Solar industry urges commitment to renewables amid Eskom’s surging diesel spend

Eskom head office at Megawatt Park on Maxwell drive Sandton near Johannesburg. Picture: Timothy Bernard/Independent Newspapers

Eskom head office at Megawatt Park on Maxwell drive Sandton near Johannesburg. Picture: Timothy Bernard/Independent Newspapers

Published Apr 26, 2024


The solar photovoltaic (PV) industry in South Africa has expressed hopes that the government will keep its commitment to continue rolling out renewable energy amid allegations of Eskom burning more diesel to keep the lights on.

Earlier this week, Electricity Minister Kgosientsho Ramokgopa vowed that the government will find a use for excess electricity generated by Independent Power Producers (IPPs) of between 17MW to 60MW from solar and battery plants which Eskom wasn't allowed to buy due to contract limits.

These contracts limits are believed to result in up to 30% of Scatec’s landmark Kenhardt project, comprising of 540MW of solar PV capacity and 225 MW/1.1 GWh of battery storage to provide 150 MW of dispatchable electricity daily, solar generation being lost to the system

Eskom will today provide an indication of the country's energy and electricity prospects for the upcoming winter season during its State of the System and Winter Outlook briefing.

The South African Photovoltaic Industry Association (Sapvia) CEO Dr Rethabile Melamu yesterday said this update will be an important indicator of what the industry can expect in terms of energy reliability over the time that generally puts greater pressure on the national grid.

Sapvia represents the interests of almost 700 members across South Africa’s Photovoltaic value chain.

“Considering the extra capacity that has recently become available, we feel a sense of optimism that our risks for load shedding could be reduced. It does not however mean that we are out of the woods at all,” Melamu said.

“The focused commitment on the roll-out of renewables must continue, so that we have a balanced mix of energy sources to carry our nation through winter.

“As an industry body, we look forward to working with our various stakeholders and partners this year to make sure that solar PV maintains its rightful place as part of our country’s energy plans for the future. Sapvia eagerly awaits the information that will be shared during Friday’s media briefing.”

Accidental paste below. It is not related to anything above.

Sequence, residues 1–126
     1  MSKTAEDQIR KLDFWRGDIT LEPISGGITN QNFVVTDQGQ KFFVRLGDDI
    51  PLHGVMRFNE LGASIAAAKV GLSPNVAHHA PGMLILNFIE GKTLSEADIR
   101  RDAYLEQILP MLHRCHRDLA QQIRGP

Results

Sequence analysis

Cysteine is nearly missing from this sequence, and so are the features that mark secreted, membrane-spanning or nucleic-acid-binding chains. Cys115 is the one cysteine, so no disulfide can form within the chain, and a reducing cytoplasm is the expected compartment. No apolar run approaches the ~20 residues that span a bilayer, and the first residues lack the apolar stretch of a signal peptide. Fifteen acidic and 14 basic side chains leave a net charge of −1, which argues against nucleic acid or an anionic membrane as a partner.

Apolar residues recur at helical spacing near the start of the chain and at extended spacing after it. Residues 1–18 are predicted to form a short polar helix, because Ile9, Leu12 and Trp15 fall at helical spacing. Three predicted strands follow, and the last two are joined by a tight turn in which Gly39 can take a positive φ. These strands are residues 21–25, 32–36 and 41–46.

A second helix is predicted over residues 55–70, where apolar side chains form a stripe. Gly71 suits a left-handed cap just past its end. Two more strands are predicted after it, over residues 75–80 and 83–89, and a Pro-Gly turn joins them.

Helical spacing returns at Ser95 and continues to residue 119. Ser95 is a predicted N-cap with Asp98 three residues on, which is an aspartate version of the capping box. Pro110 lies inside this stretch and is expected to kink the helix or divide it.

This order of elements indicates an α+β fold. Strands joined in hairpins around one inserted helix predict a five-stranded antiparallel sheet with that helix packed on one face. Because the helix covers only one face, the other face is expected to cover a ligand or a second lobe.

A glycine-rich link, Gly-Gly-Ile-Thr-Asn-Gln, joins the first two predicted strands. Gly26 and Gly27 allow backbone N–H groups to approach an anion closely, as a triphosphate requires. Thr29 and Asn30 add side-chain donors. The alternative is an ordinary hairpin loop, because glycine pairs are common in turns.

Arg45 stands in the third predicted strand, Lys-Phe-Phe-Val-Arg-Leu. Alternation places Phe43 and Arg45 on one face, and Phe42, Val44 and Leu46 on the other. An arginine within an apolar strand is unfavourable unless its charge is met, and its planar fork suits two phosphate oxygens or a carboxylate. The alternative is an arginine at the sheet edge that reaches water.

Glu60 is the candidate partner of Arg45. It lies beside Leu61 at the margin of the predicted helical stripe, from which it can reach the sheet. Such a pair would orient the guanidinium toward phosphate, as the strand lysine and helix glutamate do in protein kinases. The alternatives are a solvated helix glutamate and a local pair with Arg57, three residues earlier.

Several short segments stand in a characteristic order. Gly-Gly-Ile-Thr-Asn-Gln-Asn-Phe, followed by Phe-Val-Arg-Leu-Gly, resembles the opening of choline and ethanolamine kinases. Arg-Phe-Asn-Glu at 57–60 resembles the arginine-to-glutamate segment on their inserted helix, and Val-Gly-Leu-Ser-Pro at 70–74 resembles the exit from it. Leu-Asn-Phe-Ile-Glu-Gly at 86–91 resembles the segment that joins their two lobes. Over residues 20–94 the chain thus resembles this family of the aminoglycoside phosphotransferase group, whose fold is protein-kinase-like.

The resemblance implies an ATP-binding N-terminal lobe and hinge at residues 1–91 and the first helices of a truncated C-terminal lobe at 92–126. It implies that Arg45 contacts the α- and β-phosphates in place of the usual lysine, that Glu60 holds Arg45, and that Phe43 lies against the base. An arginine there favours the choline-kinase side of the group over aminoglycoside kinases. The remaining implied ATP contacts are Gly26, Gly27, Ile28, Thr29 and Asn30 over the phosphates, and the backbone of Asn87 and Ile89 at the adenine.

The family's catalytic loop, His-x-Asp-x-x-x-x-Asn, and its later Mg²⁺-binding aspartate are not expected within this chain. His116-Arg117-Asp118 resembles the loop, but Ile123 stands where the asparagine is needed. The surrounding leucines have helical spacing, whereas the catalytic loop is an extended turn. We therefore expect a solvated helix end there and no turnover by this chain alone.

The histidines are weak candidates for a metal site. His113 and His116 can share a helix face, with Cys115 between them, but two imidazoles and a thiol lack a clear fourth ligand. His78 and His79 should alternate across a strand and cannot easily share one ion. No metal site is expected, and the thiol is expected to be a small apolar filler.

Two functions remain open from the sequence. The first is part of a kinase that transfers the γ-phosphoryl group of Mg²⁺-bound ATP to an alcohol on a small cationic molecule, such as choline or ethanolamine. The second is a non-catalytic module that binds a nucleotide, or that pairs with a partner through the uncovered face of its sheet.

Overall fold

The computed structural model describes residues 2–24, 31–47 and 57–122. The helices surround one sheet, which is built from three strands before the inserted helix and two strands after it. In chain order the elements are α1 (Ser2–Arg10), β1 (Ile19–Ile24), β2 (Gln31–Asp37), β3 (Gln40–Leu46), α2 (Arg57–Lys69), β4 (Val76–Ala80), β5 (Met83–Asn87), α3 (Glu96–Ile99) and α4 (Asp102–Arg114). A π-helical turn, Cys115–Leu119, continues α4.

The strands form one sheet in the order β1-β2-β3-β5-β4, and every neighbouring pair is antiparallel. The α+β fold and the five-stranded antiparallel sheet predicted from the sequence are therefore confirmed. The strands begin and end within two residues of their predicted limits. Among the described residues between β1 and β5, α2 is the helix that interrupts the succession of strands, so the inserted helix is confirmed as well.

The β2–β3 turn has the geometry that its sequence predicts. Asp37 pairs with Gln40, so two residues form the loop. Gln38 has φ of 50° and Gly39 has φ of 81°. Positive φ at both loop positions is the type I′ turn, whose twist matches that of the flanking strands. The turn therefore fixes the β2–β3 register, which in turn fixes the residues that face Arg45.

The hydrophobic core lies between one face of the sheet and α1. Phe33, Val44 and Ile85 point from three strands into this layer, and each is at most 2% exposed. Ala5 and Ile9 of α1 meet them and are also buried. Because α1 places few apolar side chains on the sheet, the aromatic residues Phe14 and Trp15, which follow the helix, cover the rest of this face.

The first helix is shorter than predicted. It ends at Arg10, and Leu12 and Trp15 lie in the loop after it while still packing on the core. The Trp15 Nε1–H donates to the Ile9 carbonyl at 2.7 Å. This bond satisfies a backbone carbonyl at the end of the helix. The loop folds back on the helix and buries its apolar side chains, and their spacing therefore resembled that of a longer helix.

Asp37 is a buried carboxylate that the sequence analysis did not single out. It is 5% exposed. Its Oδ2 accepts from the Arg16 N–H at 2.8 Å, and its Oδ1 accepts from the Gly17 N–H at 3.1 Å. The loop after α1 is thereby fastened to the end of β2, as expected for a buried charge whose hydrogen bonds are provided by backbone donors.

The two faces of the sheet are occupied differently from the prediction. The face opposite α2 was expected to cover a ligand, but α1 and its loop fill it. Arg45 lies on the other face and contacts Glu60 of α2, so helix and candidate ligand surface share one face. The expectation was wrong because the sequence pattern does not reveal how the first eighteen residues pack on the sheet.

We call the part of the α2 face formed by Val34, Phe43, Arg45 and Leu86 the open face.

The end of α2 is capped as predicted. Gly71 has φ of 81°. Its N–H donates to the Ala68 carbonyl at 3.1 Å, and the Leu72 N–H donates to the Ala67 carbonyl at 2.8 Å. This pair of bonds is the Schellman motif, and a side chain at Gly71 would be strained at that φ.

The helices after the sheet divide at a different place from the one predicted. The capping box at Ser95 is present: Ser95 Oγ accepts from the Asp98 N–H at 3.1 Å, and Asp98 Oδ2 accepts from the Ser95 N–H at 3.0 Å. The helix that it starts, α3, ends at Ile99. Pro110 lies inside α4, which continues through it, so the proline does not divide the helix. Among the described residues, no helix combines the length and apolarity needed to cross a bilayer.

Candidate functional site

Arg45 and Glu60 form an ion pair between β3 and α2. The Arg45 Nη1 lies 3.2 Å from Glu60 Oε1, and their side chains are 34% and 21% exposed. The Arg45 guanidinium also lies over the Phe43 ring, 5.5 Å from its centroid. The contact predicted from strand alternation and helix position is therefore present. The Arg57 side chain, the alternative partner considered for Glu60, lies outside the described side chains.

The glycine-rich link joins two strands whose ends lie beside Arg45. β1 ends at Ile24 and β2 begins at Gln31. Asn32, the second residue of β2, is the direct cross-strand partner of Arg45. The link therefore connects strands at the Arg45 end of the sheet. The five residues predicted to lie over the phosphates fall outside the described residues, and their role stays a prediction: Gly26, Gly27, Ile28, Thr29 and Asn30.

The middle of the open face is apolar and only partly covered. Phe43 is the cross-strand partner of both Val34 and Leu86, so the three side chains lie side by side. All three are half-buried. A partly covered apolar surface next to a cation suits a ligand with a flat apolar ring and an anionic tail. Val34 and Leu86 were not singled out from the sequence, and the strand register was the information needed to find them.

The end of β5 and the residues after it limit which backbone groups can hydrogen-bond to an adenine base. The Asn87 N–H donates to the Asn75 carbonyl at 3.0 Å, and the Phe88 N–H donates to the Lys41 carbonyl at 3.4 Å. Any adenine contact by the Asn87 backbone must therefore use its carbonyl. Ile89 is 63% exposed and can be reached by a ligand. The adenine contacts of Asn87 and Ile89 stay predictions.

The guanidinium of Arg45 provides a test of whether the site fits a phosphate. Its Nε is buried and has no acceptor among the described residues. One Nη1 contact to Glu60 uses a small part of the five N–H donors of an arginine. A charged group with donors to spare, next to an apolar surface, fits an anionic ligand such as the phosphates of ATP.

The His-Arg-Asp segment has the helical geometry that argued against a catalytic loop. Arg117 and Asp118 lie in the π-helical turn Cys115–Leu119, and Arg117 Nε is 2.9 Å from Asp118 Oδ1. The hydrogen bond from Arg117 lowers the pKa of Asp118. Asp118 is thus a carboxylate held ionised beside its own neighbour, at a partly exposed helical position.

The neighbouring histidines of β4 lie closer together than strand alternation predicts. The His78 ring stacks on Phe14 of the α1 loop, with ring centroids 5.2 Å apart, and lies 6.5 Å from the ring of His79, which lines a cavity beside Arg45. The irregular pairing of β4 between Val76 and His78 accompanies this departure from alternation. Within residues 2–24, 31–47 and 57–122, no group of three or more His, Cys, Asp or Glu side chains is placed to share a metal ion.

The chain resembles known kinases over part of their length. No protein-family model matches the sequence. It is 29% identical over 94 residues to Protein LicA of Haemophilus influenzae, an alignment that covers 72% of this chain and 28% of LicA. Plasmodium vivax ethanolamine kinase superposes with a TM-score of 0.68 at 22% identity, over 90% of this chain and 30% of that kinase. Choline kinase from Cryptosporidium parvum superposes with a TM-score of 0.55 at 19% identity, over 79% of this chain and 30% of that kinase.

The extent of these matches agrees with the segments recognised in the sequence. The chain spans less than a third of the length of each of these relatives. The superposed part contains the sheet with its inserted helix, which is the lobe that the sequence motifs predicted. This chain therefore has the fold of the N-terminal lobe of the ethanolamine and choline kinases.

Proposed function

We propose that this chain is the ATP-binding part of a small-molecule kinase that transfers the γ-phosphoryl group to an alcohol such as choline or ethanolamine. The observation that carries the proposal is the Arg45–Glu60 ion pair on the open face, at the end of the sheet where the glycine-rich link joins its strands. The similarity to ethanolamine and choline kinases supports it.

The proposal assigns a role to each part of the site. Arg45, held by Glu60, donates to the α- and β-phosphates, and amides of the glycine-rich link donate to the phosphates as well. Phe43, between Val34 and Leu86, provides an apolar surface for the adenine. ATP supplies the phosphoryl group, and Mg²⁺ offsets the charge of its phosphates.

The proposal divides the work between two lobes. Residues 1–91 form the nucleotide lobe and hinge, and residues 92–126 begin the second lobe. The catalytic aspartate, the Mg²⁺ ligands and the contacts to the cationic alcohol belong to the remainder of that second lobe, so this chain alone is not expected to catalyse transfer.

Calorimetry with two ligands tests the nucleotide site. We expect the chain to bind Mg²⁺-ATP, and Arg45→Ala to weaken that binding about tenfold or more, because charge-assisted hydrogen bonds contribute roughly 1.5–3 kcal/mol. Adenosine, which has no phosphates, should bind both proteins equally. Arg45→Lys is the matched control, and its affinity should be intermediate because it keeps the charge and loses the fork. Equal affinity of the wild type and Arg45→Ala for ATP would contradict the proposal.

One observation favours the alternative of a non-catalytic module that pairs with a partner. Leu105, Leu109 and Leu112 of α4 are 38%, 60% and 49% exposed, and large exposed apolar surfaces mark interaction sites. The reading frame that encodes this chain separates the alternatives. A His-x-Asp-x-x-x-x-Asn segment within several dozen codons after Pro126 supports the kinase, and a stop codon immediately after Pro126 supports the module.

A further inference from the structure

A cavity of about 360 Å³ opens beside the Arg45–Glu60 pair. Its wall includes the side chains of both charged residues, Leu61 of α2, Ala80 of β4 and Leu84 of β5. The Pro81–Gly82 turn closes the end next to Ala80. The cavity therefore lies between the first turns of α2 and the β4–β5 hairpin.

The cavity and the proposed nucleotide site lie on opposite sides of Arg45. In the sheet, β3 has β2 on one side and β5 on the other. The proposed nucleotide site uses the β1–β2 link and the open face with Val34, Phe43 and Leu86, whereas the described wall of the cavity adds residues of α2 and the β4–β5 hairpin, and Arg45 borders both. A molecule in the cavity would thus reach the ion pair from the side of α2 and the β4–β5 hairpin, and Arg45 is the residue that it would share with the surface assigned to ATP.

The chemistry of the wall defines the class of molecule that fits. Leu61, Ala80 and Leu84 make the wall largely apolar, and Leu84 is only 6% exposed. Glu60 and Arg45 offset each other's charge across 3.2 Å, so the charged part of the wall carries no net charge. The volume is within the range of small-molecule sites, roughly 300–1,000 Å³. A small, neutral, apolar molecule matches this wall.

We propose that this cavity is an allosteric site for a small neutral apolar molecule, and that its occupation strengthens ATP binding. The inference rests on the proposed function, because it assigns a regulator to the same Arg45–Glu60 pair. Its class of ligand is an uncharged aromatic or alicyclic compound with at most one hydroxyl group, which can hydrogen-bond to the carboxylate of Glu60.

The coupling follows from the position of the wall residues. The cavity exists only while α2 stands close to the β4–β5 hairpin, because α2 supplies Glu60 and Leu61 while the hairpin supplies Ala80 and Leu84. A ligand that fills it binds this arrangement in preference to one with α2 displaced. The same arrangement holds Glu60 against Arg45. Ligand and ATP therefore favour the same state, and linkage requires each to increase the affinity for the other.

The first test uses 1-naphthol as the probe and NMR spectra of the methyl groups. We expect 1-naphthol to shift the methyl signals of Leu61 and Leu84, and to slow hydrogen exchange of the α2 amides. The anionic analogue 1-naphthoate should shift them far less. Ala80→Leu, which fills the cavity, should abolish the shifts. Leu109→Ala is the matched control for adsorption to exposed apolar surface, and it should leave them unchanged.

This also comes as reports have emerged that Eskom has been increasingly reliant on diesel to power its Open Cycle Gas Turbines (OCGTs) to plug the electricity generation gap.

Eskom has suspended the implementation of rotational load shedding for 30 consecutive days as a result of sustained electricity generation capacity and sufficient emergency reserves.

Ramokgopa has said that Eskom has turned a corner on diesel spend.

Eskom board chair Mteto Nyati has also maintained that the diesel spend for the 2024/2025 financial year will show a decline when the power utility tables its financial results.

The struggling power utility has denied allegations that it was burning billions of rand worth of diesel and running emergency power stations to the maximum, saying that its OCGT’s had predominantly been used through peak demand periods through April, which was in line with the OCGT design parameters.

However, a reply by Minister of Public Enterprises Pravin Gordhan to a DA parliamentary question has revealed that Eskom spent R23.4 billion on diesel in the 2023/24 financial year.

DA MP on public enterprises Mimmy Gondwe yesterday said OCGTs, which form part of Eskom’s ailing power plants, were only meant to be used during peak periods or when the system is constrained.

Gondwe said this begged the question whether Eskom would have managed to keep the lights on if it had not made use of OCGTs during the past 30 days in which there has been no load shedding.

“Burning copious amounts of diesel at such unprecedented levels is unsustainable and partly explains why consumers were hit with double digit tariff increases,” Gondwe said.

“Burning 3 billion litres of diesel over 5 years can never be touted as a measure of success in relation to the load shedding crisis.”

The price of electricity increased this month after Eskom’s implementation of its new electricity tariff of between 12.72% and 12.74% following a tariff increase determined by the National Energy Regulator of South Africa in December last year.